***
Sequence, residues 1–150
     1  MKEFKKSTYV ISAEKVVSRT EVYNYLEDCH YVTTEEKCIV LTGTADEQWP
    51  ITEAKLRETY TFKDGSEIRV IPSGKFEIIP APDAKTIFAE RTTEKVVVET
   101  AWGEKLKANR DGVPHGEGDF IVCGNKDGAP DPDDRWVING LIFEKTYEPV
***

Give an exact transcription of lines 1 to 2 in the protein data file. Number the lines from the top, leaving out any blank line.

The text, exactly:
Sequence, residues 1–150
     1  MKEFKKSTYV ISAEKVVSRT EVYNYLEDCH YVTTEEKCIV LTGTADEQWP